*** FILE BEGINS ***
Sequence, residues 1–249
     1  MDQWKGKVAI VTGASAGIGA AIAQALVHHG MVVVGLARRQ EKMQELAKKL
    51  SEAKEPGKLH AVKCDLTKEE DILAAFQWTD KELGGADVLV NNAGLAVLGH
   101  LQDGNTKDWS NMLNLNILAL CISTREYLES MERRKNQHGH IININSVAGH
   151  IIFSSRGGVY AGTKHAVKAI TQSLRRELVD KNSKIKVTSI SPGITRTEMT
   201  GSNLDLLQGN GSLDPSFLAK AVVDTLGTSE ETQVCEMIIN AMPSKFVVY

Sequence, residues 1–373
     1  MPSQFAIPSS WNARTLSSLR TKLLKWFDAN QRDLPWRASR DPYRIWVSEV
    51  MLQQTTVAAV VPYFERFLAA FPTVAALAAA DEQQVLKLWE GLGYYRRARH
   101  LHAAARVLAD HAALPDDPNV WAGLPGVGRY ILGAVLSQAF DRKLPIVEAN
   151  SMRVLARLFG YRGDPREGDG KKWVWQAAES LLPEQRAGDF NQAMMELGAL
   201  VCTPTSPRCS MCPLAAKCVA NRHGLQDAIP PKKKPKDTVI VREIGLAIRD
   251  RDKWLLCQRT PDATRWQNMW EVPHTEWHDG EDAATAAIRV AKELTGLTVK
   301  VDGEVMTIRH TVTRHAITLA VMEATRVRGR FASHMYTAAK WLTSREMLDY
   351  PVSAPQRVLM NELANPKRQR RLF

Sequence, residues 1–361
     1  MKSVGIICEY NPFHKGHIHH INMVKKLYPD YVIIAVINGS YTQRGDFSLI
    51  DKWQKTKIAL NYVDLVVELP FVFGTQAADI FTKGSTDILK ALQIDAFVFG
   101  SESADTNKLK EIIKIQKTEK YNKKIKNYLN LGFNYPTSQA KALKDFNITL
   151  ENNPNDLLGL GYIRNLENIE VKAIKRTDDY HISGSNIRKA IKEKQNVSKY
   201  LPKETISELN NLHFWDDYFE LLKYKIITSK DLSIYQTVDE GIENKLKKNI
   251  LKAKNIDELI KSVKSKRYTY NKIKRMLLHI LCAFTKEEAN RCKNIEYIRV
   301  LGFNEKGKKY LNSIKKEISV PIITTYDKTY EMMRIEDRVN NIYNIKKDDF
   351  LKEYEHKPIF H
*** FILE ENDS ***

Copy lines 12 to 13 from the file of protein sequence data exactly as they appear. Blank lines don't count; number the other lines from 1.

   201  VCTPTSPRCS MCPLAAKCVA NRHGLQDAIP PKKKPKDTVI VREIGLAIRD
   251  RDKWLLCQRT PDATRWQNMW EVPHTEWHDG EDAATAAIRV AKELTGLTVK